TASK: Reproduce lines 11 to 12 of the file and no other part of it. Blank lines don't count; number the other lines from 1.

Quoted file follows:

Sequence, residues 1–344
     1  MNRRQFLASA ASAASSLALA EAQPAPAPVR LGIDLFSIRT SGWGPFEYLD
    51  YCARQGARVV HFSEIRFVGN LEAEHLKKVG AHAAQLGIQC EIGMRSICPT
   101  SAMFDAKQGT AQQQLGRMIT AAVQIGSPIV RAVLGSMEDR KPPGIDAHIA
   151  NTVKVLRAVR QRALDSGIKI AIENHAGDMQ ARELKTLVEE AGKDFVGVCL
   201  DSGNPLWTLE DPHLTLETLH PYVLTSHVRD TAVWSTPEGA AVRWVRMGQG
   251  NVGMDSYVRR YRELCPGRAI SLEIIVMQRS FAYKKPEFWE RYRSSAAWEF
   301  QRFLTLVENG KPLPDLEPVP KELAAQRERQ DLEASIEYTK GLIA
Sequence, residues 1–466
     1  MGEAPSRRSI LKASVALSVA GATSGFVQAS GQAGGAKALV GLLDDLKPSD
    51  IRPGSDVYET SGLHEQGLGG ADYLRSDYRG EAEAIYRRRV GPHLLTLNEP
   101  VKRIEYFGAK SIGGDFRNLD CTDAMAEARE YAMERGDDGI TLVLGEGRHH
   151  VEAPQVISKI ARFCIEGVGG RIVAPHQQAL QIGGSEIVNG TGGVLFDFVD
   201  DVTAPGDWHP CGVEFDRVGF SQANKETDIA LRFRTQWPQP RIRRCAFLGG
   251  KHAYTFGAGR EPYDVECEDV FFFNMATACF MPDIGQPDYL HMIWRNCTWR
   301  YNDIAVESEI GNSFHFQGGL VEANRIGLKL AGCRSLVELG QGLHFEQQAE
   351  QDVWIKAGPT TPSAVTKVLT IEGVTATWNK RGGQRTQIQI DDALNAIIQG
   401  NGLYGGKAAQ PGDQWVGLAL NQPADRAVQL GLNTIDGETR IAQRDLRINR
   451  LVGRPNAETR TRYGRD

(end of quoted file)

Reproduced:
    51  IRPGSDVYET SGLHEQGLGG ADYLRSDYRG EAEAIYRRRV GPHLLTLNEP
   101  VKRIEYFGAK SIGGDFRNLD CTDAMAEARE YAMERGDDGI TLVLGEGRHH